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Children born to parents who both have the disorder are more likely to develop vitiligo.
However, most children will not get vitiligo even if one parent has it. In children with focal and segmental vitiligo, there is often no family history of vitiligo or other autoimmune disorders.
The frequency of vitiligo among first degree relatives in white, Indo - Pakistani, and Hispanic populations is 7.1%, 6.1%, and 4.8%, respectively. Identical twins with identical DNA have only a 23% chance of developing vitiligo, suggesting a significant non-genetic component in the disease.
- Are there any famous people with vitiligo?
Many celebrities have dealt with vitiligo while remaining in the public eye, maintaining a positive outlook, and having a successful career. Here are a few courageous famous peo...
- What causes vitiligo?
Surprisingly, the causes of vitiligo are yet to be precisely established. Researchers know the cause is pre-wired in your genes, just waiting for a bad luck moment. In about hal...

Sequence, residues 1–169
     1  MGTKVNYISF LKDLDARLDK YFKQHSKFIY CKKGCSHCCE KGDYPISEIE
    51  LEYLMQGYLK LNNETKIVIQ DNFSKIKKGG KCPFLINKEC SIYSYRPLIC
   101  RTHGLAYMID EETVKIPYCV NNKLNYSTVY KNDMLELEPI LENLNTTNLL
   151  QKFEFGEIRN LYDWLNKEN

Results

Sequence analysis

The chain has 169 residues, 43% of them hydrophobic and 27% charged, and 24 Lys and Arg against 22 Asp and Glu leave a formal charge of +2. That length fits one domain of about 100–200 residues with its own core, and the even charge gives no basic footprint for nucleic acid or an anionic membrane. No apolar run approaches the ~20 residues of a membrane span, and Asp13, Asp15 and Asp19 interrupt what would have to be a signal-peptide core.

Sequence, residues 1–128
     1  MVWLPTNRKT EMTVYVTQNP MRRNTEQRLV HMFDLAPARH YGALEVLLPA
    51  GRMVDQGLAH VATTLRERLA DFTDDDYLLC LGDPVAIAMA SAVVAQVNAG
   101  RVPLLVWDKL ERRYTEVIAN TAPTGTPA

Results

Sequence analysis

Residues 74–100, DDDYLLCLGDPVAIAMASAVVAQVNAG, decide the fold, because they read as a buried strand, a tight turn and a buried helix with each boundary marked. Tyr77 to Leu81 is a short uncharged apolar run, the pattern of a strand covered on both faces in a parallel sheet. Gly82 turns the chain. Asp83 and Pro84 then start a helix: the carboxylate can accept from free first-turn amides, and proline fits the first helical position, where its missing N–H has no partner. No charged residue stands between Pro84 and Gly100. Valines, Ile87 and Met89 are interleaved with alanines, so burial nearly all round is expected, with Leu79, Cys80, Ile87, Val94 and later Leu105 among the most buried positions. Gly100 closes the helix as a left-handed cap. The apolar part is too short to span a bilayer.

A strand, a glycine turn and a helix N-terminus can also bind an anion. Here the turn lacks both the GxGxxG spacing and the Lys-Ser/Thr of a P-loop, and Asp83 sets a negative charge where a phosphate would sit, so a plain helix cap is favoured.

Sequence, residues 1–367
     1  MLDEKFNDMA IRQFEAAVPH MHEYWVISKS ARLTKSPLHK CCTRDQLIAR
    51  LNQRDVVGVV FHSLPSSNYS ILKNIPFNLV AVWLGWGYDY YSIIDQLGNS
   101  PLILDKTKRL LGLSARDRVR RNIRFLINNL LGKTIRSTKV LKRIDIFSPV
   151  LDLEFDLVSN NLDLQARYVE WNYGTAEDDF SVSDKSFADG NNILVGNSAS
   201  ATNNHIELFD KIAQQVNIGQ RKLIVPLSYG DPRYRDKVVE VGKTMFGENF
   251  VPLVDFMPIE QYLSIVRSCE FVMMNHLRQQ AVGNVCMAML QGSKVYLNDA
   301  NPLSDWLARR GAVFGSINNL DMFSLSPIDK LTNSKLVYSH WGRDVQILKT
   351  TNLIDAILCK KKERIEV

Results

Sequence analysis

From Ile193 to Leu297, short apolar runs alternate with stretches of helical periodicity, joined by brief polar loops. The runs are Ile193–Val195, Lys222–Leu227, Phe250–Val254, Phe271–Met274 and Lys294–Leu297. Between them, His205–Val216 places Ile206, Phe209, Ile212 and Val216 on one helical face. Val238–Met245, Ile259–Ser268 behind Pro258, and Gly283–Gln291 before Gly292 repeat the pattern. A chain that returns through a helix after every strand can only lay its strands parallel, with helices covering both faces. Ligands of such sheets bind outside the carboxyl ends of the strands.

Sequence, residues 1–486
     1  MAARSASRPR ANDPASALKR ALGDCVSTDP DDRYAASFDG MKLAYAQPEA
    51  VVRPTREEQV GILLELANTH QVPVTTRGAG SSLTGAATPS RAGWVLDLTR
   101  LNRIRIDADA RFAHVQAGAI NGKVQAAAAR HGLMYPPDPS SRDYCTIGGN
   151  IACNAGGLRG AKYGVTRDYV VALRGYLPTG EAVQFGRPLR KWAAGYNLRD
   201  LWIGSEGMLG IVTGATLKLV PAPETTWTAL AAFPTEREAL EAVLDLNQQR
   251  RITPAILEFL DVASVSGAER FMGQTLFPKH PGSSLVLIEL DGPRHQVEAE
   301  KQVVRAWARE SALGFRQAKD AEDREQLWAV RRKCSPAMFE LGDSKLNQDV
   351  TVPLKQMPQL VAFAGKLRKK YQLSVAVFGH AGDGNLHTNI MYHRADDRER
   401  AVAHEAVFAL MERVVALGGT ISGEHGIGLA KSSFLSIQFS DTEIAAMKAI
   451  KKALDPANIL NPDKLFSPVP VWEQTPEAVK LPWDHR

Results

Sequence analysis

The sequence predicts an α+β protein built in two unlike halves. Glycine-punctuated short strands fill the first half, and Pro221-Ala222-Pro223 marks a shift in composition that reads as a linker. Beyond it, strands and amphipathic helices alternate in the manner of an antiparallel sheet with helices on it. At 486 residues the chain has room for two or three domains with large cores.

- Will it spread?
Vitiligo activity may vary considerably from person to person. In a good number of patients the disease goes on for 3-4 years and then it settles down, with one or two stubborn...
Though it is not always easy to treat vitiligo, there is much to be gained by clearly understanding the diagnosis, the future implications, treatment options and their outcomes.
Many people deal with vitiligo while remaining in the public eye, maintaining a positive outlook, and having a successful career.Copyright (C) Bodolóczki Júlia
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